Abu Zubaydeh was coerced into disclosing information that led to the capture of Ramzi bin al Shibh, another of the planners of 9/11. Bin al Shibh disclosed information that, when combined with what was learned from Abu Zubaydeh, helped lead to the capture of KSM and other senior terrorists and the disruption of follow-on plots aimed at both Europe and the United States.
Another of those gathered up later in this harvest, Abu Faraj al-Libi, also was subjected to certain of these harsh techniques and disclosed further details about bin Laden’s couriers that helped in last weekend’s achievement.
The harsh techniques themselves were used selectively against only a small number of hard-core prisoners who successfully resisted other forms of interrogation, and then only with the explicit authorization of the director of the CIA. Of the thousands of unlawful combatants captured by the U.S., fewer than 100 were detained and questioned in the CIA program. Of those, fewer than one-third were subjected to any of these techniques.
Former CIA Director Michael Hayden has said that, as late as 2006, even with the growing success of other intelligence tools, fully half of the government’s knowledge about the structure and activities of al Qaeda came from those interrogations. The Bush administration put these techniques in place only after rigorous analysis by the Justice Department, which concluded that they were lawful.
The current president ran for election on the promise to do away with them even before he became aware, if he ever did, of what they were. Days after taking office he directed that the CIA interrogation program be done away with entirely, and that interrogation be limited to the techniques set forth in the Army Field Manual, a document designed for use by even the least experienced troops. It’s available on the Internet and used by terrorists as a training manual for resisting interrogation.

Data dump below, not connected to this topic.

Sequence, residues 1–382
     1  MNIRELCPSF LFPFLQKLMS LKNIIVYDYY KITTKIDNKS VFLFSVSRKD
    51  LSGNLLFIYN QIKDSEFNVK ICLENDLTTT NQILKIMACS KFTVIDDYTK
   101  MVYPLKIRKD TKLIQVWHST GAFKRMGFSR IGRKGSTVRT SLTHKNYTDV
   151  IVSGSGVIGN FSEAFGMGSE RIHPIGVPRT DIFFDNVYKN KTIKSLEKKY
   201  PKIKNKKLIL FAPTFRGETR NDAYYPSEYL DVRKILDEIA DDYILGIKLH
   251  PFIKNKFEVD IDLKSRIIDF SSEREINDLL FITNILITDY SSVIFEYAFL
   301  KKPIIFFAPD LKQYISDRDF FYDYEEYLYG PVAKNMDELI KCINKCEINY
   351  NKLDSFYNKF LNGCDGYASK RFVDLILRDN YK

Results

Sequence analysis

In April 2009, the administration made public the previously classified Justice Department memoranda analyzing the harsh techniques, thereby disclosing them to our enemies and assuring that they could never be used effectively again. …
Immediately following the killing of bin Laden, the issue of interrogation techniques became in some quarters the “dirty little secret” of the event. But as disclosed in the declassified memos in 2009, the techniques are neither dirty nor, as noted by Director Hayden and others, were their results little. As the memoranda concludedâ€”and as I concluded reading them at the beginning of my tenure as attorney general in 2007â€”the techniques were entirely lawful as the law stood at the time the memos were written, and the disclosures they elicited were enormously important. That they are no longer secret is deeply regrettable. …
We… need to put an end to the ongoing investigations of CIA operatives that continue to undermine intelligence community morale.
Acknowledging and meeting the need for an effective and lawful interrogation program, which we once had, and freeing CIA operatives and others to administer it under congressional oversight, would be a fitting way to mark the demise of Osama bin Laden.
Doug Ross outlines the simple facts which play havoc with one of Barack Obama’s principal campaign issues. Say, how is Eric Holder’s plan to prosecute CIA interrogators going?
1. 2003: Enhanced Interrogation of Khalid Sheikh Mohammad Results in the Nom De Guerre of bin Ladin’s Courier…
2. 2004: Enhanced Interrogation of al-Qahtani Confirms the Nom De Geure of bin Ladin’s Courier…
3. 2006 (?): Enhanced Interrogation of an Al Qaeda Captured in Iraq, Ghul, Produces the Real Name of the Courier…
4. 2006-2009: NSA Begins Furiously Intercepting Any And All Communications Made By Anyone “al-Kuwaiti” Has Ever Known…
5. Late 2010 (?): al-Kuwaiti Places a Very Ill-Advised Phone Call… “[conversing] with someone who was being monitored by U.S. intelligence… the courier [then] unknowingly led authorities to a [bizarre] compound in the northeast Pakistani town of Abbottabad…”
6. 2011: Surveying Abbottabad, We Grow Confident We’ve Found Bin Ladin’s Hideout…
7. April 29-May 1 2011: Obama’s Team Tells Him They Have High Confidence Bin Ladin (or at Least His Most Trusted Courier) is In the Compound, and Obama Agrees, and Orders the Raid; On May 1 It’s Executed By SEAL Team 6…
8. May 2011: Begin a Disinformation Campaign To Convince the Public That 2003-2008 Never Happened.
David Ignatius observes that, in the new, morally-improved age of Obama, sleep deprivation, face slaps, and body shakes are out, but sudden death by high explosive is thriving as never before.